Jeff Benjamin

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Liquid alts are a threat to hedge funds as we've known them

As Calpers decision raises questions about high fees, hedge funds are already evolving

Sep 18, 2014 @ 1:53 pm

By Jeff Benjamin

Despite chatter to the contrary, it is way too early to start forecasting the extinction of the $2.8 trillion hedge fund industry. Those ridiculous fees, however, could be headed for the endangered species list.

It is difficult to feel sorry for any industry that gets away with charging a 20% performance fee on top of a 2% management fee, so it makes a certain amount of sense that there would be so much piling on after the country's largest pension fund decided to boot hedge funds from its $298 billion portfolio.

The announcement by the California Public Employees' Retirement System, commonly known as Calpers, could be logically interpreted as adding more momentum to the fast-growing category of alternative-strategy mutual funds.

The so-called liquid alternatives universe has swelled to 465 mutual funds and more than $160 billion under management, according to Morningstar Inc. That compares 217 liquid alt funds and $37.7 billion at the end of 2008, at the heart of the financial crisis.

(More: Is Calpers' move away from hedge funds a bellwether for advisers?)

The Calpers decision indicates a significant boost for liquid alts, because the decision was reportedly based largely on the issue of high hedge fund fees.

Most mutual funds in the liquid alts space have expense ratios of less than 2%, and some strategies go as low as 70 basis points, which is comparable to some bond funds.

For financial advisers and individual investors, the liquid alts space represents a robust, if largely untested, means of diversifying beyond traditional long-only stocks and bonds.

But that's not where Calpers is headed, at least not yet.

While its decision might have been based on the hedge fund fees that reportedly cost the pension fund $135 million during the fiscal year through June, the move out of hedge funds was part of a general move out of absolute return strategies.

In other words, Calpers' relatively small $4 billion allocation to hedge funds is not being replaced by any alternative strategies, which is something close observers have traced to the new chief investment officer Ted Eliopoulos, who had been acting as interim CIO since February, following the death of CIO Joe Dear.

“It was simply a change in philosophy that is very specific to Calpers,” said Rick Lake, co-chairman of Lake Partners Inc.

But even if Calpers isn't turning from hedge funds to liquid alts, marking the beginning of the end for hedge funds, the move can still act as a jumping-off point for a real discussion on hedge fund fees.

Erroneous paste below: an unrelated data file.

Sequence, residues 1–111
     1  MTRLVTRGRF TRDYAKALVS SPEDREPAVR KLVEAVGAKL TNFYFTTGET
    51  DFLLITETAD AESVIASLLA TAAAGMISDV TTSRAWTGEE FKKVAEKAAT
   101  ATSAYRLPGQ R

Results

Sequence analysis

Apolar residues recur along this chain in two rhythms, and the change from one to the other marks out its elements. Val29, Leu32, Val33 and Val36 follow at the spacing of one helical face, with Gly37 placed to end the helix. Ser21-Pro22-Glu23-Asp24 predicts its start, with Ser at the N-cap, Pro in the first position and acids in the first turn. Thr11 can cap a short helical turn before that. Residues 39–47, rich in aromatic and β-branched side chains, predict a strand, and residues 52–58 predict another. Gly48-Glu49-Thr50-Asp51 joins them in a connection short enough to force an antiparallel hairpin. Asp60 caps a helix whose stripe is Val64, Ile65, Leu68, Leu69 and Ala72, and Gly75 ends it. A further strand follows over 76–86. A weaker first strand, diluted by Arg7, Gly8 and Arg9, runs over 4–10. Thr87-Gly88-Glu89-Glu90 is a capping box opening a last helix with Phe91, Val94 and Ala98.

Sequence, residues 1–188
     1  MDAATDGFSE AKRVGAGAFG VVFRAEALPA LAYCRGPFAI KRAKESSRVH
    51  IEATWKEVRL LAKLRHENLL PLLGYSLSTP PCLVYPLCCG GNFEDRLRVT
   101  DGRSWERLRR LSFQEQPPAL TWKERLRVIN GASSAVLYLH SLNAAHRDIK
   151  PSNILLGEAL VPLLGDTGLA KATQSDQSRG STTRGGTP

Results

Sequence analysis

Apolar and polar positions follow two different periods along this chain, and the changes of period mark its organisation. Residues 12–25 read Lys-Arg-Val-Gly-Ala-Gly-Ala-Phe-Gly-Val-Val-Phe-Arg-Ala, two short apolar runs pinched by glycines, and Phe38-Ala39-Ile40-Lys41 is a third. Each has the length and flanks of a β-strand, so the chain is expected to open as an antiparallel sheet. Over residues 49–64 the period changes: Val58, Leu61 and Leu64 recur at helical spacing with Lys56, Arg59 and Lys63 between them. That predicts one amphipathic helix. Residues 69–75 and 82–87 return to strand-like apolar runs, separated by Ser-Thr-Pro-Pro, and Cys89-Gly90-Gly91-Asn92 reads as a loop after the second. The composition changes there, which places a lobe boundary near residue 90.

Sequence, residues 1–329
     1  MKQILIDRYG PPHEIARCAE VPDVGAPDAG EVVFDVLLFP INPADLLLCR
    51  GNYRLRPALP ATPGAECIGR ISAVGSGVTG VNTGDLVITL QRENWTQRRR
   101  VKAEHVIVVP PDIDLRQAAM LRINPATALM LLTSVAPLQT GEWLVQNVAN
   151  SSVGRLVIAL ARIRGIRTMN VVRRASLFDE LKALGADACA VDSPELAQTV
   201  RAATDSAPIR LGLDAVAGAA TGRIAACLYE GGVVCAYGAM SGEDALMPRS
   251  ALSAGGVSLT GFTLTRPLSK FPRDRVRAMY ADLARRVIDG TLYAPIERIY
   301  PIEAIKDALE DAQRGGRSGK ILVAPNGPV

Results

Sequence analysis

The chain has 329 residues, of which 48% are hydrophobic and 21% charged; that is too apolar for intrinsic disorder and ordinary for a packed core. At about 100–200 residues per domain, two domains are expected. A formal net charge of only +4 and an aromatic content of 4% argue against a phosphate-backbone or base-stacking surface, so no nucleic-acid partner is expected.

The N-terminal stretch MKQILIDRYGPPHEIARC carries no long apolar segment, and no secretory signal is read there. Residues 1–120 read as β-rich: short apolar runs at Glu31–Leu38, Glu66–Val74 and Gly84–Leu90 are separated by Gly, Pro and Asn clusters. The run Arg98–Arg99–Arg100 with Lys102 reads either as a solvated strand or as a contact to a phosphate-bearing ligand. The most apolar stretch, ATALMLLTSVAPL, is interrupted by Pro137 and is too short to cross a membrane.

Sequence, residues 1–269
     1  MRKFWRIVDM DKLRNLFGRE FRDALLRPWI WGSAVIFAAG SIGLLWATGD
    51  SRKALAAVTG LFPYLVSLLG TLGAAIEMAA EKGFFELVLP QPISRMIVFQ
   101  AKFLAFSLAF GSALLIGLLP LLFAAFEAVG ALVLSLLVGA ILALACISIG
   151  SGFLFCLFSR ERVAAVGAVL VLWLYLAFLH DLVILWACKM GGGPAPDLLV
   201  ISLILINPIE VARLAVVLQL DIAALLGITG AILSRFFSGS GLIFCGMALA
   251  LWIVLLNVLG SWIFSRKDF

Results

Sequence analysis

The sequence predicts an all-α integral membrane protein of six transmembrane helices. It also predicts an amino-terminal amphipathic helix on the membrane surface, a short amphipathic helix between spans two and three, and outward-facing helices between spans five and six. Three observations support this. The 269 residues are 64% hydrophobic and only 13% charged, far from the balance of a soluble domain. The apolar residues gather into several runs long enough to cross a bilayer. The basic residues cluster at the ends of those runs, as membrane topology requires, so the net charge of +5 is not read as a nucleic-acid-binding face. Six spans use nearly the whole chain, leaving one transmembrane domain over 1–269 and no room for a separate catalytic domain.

“It's not that hedge funds will become obsolete, but the world is changing,” said Nadia Papagiannis, director of alternative investment strategy for global third party distribution at Goldman Sachs Asset Management.

“It is getting tougher for the more liquid hedge fund strategies to justify charging traditional hedge fund fees,” she added. “Most of the more liquid hedge fund strategies now exist in cheaper and more liquid forms in mutual funds and ETFs.”

In essence, the pressure that the liquid alt funds are putting on hedge funds is real, but still limited to basic strategies such as long-short and market neutral.

And for that reason, we already are seeing hedge funds migrate into the mutual fund space with products that make the best use of their strengths and tap into the hungry retail investor market.

Just days ago, Oaktree Capital Group, the world's largest distressed-debt manager at $91 billion, filed to launch its first mutual funds, which will focus on high-yield bonds and emerging-markets stocks.

Hedge fund manager Joel Greenblatt of Gotham Capital has pushed the limits by offering a long-short mutual fund that directly competes with his long-short hedge fund.

Because of the regulatory restrictions applied to registered liquid alt funds, there will always be strategies that are best suited for traditional hedge funds. And in those instances, it is likely managers will continue to command the higher fees.

But for hedge funds running basic long-short portfolios, the message should be getting louder that it's time to either adapt or perish.

“The illiquid hedge fund guys are getting into the liquid space and more partnerships are forming,” Ms. Papagiannis said. “The primary function of a liquid alt is to present a different risk-return profile. And you don't need illiquidity to do that.”


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